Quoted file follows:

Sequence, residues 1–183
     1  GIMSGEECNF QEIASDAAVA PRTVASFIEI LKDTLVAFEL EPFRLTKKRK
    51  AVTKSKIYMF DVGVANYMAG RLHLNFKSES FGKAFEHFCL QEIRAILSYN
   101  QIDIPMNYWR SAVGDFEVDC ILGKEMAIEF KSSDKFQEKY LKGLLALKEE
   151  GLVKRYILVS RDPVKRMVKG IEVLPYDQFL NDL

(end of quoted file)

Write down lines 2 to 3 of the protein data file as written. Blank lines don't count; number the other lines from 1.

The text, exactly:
     1  GIMSGEECNF QEIASDAAVA PRTVASFIEI LKDTLVAFEL EPFRLTKKRK
    51  AVTKSKIYMF DVGVANYMAG RLHLNFKSES FGKAFEHFCL QEIRAILSYN